Frank Thoughts: The Big Mistake
Frank Boland
April 10, 2023

With most mistakes we make in life, we have no idea of what the immediate outcome will be. There’s just a feeling it will be negative. But in the investment world we often know quickly what the mistake is going to cost us. When that happens, it is unnerving because we now know that the emotional impact of losing money is 2.5x that of gaining it. We always knew this intuitively, but it wasn’t until psychologists Kahneman & Tversky received the Nobel Prize in Economics in 2002 for proving it that we could acknowledge what had previously been just an innate feeling. 

Of course, there are many mistakes that we can make in investing, but there is just one that is the big mistake. That’s buying a stock that was once a darling in a previous bull market cycle that has now declined 40-50% … or more. Obviously, after 12 years of 0% interest rates – with Fed funds having moved higher and interest rates increasingly becoming “normalized” - there are now hundreds of these companies. They are investment “traps.” The reason is because corporations have life cycles just as we do. But theirs is dramatically shorter. Especially in the technology sector.

One could correctly point out that IBM, Hewlett Packard, Cisco Systems, Dell Computer, and Intel still exist. But they all hit the top of their bell curve decades ago. More representative of the shortness of their business cycle are names of what once were large corporations such as Data General, CMGI Burroughs, Control Data, Digital Equipment, Prime Computer, Apollo, Transitron, Unitrode, Solitron Devices, Sperry Rand, Compact Computer, Sun Microsystems etc. And that’s just a few! With close to 60 years in the investment business I could name dozens of them. The “IBMs” that survived are now referred to as “legacy” technology. But legacy has the connation of a gift from the past.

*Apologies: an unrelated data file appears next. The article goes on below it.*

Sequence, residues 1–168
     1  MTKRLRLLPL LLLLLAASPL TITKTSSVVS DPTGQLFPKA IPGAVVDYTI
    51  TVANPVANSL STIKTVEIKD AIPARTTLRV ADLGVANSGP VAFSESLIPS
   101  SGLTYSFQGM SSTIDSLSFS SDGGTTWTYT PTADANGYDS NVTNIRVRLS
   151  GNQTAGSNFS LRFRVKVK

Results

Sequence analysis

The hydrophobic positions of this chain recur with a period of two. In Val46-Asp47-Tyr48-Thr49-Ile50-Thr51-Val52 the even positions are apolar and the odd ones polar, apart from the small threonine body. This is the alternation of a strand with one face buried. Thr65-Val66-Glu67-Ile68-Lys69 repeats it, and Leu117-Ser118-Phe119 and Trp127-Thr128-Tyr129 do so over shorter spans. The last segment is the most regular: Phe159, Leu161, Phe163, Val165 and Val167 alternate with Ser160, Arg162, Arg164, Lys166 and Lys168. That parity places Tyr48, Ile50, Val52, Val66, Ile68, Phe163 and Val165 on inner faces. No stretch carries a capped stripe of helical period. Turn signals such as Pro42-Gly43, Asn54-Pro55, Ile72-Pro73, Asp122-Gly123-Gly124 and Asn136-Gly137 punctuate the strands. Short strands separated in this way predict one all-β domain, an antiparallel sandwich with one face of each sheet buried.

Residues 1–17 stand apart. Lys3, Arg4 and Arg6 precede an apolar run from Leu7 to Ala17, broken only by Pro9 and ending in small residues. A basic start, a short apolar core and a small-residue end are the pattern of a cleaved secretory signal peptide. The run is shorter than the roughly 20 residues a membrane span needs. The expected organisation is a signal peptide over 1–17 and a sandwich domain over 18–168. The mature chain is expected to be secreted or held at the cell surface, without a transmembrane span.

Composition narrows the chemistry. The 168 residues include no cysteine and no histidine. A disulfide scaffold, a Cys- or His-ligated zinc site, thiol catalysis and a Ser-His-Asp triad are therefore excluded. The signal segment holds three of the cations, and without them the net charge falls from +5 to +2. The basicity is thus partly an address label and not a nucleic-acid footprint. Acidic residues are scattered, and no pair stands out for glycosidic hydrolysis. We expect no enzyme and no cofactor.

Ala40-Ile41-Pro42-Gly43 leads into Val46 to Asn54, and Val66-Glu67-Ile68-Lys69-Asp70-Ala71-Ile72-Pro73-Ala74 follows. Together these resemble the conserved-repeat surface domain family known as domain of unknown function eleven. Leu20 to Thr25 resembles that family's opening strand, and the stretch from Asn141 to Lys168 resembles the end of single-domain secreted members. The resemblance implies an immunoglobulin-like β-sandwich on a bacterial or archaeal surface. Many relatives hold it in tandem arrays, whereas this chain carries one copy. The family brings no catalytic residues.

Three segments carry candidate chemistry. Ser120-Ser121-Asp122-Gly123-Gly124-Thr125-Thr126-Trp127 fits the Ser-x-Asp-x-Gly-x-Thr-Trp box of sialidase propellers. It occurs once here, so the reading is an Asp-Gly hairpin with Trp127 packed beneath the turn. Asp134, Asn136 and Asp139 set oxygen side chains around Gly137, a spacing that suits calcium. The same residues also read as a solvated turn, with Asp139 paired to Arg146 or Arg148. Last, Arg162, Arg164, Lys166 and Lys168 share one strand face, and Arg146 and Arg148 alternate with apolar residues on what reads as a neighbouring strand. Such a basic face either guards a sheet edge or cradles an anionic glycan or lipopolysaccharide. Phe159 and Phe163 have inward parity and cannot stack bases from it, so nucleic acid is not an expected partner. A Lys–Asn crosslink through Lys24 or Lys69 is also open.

However, gift doesn’t begin to apply to the price performance of a legacy technology’s stock. Cisco Systems was the ultimate example of a major “hot” stock in what we would describe as the second bull market wave of technology. The first wave was led by IBM, Digital Equipment, Intel et al. in the 1960’s. Cisco then made the internet connection possible in the second “wave.” At the time, it was the Apple Computer of the recent internet bull market. In 2000 we had a sell on the stock at $50. It is now $50. No splits. That was 23 years ago, and when one considers the time value of money … well.

It is our belief that this third technology wave of platform and cloud-based technology companies is over. The experience was unique from past years of technology in that it functioned over a 12-year period of 0% interest rates. This resulted in well over 1,000 privately held Unicorns becoming valued at over a billion dollars each. As has been written before, “when too much money chases too few good ideas, nothing good is the result.” Of those that made it through the IPO process few make money, and most are down 50% or more.  They are the “traps.”

A stock’s parabolic ascent in a bull market often makes the company a Wall St. darling. This results in overestimating its perceived investment value. That’s because the business cycle of innovation in technology is short; it averages just 11.5 years. It’s why there will never be an RH Macy life expectancy in technology. Take it from General Georges Doriot the Harvard Business School professor who awed Wall St. with his IPO of Digital Equipment in 1966. $70,000 invested in 1957 ultimately became worth $400,000,000! A return of 5,000 times. He taught over 7,000 students and every one of them heard the same message. “Someone, somewhere is making a product that will make your product obsolete.”


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